Alcoholism, drug abuse, and extramarital affairs often go hand in hand. Any of these in themselves is a good reason to end a relationship. A combination of the three is even more difficult to overcome. In this article, we take a look at why drug addicts exhibit certain destructive behaviors and how to mend a nearly severed bond (and when to call it quits).
Why Users Use
For many drug abusers, their journey into addiction begins with what they perceive to be a harmless experimentation. However, after their first high, many users believe their substance of choice is doing them more good than harm. Over time, a chemical dependency develops which can fundamentally alter a person’s brain function. They fixate on those initial good feelings. Compounding the problem is that it may take more and more of the drug to get there. As a user’s tolerance increases, his or her connection with reality begins to dwindle. This is where other issues and destructive behaviors begin.
Drugs and Domestic Violence
Addicts and alcoholics often become physically and mentally abusive to those they love. They may be angry that their spouse cannot supply them with enough money to support their habit or annoyed that children have woken them from a drug-induced sleep. The American Society of Addiction Medicine reports that between 40% and 60% of domestic violence cases are steeped in substance abuse. Even men and women who show no penchant for violence may become abusive as they fall deeper and deeper into addiction.
Drug addiction and alcohol use can lead to extramarital affairs. The reasons are varied but often center around social acceptance and seeking someone who condones these bad behaviors. An affair triggered by addiction has nothing to do with the addict’s love for their partner, which is one of the hardest things to accept once recovery begins. Drugs, alcohol, and infidelity are equal opportunity issues that don’t discriminate based on race, social status, or income. This is evidenced by the high-profile breakup of Khloe Kardashian and Lamar Odom.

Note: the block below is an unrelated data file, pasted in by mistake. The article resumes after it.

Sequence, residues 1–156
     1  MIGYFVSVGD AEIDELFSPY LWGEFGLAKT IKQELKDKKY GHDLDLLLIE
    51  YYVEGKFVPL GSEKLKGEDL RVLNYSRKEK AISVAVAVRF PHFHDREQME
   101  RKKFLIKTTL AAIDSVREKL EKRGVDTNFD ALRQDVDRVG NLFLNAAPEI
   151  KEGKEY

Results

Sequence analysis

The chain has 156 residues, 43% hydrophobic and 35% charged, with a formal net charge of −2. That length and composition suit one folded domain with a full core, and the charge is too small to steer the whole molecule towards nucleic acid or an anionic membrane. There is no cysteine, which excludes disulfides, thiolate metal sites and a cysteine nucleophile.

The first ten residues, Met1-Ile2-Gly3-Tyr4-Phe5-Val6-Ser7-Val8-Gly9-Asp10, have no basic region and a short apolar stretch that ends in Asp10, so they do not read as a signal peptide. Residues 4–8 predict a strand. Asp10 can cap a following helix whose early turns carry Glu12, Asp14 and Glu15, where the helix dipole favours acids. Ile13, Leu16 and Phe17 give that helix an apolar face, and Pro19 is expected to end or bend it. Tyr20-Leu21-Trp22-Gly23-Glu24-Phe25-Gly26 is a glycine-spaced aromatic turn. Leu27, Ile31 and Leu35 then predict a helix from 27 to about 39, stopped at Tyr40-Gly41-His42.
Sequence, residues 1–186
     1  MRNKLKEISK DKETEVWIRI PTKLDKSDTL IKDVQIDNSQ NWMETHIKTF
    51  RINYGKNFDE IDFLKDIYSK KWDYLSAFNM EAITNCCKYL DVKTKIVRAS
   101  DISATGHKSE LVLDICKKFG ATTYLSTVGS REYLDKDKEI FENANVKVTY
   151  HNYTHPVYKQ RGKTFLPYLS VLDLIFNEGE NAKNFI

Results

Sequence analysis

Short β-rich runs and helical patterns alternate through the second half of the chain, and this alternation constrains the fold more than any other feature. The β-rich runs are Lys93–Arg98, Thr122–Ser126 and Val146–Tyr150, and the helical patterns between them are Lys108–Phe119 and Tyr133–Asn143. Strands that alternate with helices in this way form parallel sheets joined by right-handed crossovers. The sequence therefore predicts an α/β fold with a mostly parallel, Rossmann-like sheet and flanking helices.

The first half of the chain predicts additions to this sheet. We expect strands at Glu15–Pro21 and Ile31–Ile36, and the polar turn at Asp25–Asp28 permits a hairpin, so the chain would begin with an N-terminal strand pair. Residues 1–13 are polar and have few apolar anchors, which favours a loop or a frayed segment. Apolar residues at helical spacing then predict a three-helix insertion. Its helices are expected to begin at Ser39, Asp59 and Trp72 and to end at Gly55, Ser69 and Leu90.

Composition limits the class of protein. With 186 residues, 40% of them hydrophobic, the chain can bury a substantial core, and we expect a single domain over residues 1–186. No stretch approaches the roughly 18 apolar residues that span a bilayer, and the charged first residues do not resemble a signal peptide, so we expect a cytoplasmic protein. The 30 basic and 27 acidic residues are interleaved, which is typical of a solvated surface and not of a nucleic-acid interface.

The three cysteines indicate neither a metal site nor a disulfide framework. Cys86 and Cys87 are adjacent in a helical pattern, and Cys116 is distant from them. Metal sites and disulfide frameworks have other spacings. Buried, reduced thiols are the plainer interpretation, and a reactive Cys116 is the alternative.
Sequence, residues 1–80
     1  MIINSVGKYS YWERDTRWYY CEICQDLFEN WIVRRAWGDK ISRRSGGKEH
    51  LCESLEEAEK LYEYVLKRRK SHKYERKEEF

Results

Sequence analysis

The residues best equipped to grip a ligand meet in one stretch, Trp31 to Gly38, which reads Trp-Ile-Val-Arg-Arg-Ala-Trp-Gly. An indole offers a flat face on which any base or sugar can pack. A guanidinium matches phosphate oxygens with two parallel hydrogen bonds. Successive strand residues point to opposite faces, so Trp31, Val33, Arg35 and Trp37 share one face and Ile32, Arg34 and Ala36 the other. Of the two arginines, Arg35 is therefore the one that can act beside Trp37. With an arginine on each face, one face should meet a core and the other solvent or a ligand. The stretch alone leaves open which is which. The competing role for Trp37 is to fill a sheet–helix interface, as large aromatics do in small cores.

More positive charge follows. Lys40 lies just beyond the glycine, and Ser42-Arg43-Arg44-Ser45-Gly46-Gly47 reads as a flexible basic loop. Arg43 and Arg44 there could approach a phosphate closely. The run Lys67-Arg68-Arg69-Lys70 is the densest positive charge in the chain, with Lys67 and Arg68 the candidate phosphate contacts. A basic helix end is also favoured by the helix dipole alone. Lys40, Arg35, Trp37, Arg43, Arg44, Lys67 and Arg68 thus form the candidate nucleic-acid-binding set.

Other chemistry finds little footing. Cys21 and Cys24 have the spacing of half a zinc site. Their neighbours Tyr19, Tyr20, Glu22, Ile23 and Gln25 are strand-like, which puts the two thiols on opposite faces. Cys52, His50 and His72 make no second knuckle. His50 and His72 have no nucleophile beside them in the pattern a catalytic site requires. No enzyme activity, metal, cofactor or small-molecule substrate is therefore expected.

The Road to Relationship Recovery
Recovery from addiction is a long and hard road. When marred by other complications, it is a road that may seem impossible to travel. Couples wishing to re-establish a bond must understand the first step is looking at the situation as honestly and openly as possible. Unnegotiable is that the drug use must end so that the addict can comprehend his or her actions. Drug rehabilitation therapy is a good place to start. This is offered in both inpatient or outpatient treatment centers that will offer the addict an opportunity to detox and cope with the physical symptoms of withdrawal. If both partners are willing to communicate with one another, there is hope that the relationship may continue.
The chemically-altered brain is not wired to ask for forgiveness. It doesn’t see how the addict’s behavior affects his or her loved ones. However, once the addict clears their head, they must make amends for their actions. Asking for forgiveness – and being honest about everything – is a good place to start. It will take time, but otherwise strong relationships may be able to reestablish trust if the addict is willing to be active and intentional in their recovery.
When the Relationship Dies
While small infractions in either of the three A’s (addiction, abuse, affairs) may be forgivable, sometimes, a combination of the three will damage the relationship beyond repair. When the addict won’t completely admit their issues, is unwilling to change, or when the victim of the situation simply can’t look at their partner in the face anymore, separation may be the best course of action. This outcome, while unfortunate, does not necessarily have to viewed as a strict negative. Ending a relationship can be a new starting point for both parties and may serve as a milestone and reminder to each that change is an inevitable part of the healing process.
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